In cases where it is not possible to be treated with oral antibiotics or if the appropriate treatment response is not received orally, especially in people with weakened immune systems, the patient should be hospitalized and receive injectable antibiotics.
When these ineffective treatments, the next option may be surgical drainage with a needle that requires surgery.
You may be a candidate for surgery in some septic bursitis located deep inside the body, like those near hip and shoulder joints.
Can septic bursitis be fatal and life-threatening?
Yes, in case of delayed or improper treatment or misdiagnosis, especially in people with weakened immune systems, bacterial infections may enter the bloodstream and spread throughout the body, worsening the patient’s condition.
- first stage:
The infection enters the bloodstream and triggers an inflammatory reaction throughout the body.
- second stage:
In this stage, the infection in the blood affects the normal functions of vital organs such as the heart, brain, lung, kidney, etc.; the patient may experience dizziness, low blood pressure, loss of urine formation, and chills.
- third stage: Infectious shock or septic shock.
In this phase, following the secretion of specific chemical compounds in the process of infection and global inflammation, the vascular wall of vessels within the body begins to dilate progressively, resulting in a decrease in blood pressure.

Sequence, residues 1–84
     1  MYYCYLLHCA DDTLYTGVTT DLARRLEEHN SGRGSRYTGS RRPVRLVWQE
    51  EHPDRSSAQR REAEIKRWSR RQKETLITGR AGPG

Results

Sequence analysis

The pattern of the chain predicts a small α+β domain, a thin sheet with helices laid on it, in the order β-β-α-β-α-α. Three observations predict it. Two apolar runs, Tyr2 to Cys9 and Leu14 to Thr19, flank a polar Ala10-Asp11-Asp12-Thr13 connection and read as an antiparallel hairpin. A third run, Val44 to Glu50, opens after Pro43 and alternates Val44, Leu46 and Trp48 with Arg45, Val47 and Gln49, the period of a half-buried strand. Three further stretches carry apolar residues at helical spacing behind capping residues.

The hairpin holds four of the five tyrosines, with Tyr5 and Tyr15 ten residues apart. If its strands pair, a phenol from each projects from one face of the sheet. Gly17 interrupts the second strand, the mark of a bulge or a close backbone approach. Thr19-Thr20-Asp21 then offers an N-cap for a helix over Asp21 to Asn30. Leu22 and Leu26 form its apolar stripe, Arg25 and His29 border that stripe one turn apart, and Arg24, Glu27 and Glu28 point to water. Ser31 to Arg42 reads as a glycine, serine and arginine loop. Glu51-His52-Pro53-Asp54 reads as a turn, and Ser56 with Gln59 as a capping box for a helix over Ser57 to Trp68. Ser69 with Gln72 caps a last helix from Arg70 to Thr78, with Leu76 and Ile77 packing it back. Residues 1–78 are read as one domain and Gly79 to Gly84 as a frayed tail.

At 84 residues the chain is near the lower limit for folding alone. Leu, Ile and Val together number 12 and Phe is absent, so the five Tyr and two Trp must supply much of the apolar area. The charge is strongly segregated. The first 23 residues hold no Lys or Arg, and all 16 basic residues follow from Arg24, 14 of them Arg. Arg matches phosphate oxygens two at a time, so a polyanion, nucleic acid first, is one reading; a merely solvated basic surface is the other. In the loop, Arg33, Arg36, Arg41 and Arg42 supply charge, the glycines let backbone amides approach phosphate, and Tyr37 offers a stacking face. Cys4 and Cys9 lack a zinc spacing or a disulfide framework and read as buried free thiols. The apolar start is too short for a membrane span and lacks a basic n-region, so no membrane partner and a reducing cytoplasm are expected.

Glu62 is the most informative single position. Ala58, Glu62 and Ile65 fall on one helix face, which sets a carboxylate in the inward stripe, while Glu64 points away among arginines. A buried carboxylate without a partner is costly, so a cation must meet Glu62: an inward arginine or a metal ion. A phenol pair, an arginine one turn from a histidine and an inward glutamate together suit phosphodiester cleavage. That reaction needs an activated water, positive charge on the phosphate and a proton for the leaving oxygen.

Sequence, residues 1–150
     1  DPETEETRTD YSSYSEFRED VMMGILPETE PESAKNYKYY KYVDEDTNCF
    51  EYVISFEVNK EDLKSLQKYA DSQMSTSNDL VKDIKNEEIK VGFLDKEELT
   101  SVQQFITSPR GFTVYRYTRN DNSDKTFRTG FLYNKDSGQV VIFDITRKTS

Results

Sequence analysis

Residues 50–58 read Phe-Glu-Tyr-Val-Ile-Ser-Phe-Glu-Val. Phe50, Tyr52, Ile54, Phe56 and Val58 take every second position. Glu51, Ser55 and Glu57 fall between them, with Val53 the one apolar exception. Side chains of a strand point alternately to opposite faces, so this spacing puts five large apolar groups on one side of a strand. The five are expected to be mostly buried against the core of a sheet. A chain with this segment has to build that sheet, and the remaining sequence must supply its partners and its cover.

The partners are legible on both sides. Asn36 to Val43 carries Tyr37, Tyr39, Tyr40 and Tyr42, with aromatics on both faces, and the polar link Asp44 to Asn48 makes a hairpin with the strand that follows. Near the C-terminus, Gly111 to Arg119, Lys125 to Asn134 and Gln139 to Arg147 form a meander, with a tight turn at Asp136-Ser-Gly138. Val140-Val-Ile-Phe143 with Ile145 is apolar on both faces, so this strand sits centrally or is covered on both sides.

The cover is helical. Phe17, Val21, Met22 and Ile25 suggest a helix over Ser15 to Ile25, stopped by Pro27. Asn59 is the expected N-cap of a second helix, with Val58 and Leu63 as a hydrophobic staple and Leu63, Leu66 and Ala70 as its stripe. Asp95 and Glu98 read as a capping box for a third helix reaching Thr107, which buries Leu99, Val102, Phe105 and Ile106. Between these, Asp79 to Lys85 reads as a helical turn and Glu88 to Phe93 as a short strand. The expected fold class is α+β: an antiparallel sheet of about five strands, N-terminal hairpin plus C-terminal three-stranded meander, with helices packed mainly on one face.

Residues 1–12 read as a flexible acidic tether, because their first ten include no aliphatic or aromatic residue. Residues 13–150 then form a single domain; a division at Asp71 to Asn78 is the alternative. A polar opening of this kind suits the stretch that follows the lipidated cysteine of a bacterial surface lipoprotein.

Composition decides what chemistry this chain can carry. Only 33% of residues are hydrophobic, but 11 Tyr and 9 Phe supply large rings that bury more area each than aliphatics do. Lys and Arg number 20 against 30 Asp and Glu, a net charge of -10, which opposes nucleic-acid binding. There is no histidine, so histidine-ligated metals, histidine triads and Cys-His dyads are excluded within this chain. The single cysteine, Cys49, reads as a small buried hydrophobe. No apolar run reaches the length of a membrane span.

A drop in blood pressure prevents enough blood from reaching the brain, kidneys, and other vital organs. Eventually, the lungs, brain, kidneys, and heart will fail and result in an unfortunate death of the patient.
At-risk groups for fetal septic bursitis
- People living with AIDS
- Patients with rheumatoid arthritis, lupus, and psoriasis
- Patients with inflammatory bowel disease such as Crohn’s disease and ulcerative colitis
- People undergoing chemotherapy
- People undergoing particular immunotherapy
- Diabetic people with uncontrolled sugar and insulin consumption
- People with chronic diseases
- People with malnutrition
Complications of spreading the infection in the blood
- Kidney failure
- Lung failure
- Abnormal blood clot formation
- Liver failure
The only way to prevent these complications is to start treating any localized infection immediately.
The patient’s age, underlying diseases, general health of the affected person, location of infectious bursitis, and time of initiation of treatment will affect the patient’s survival rate.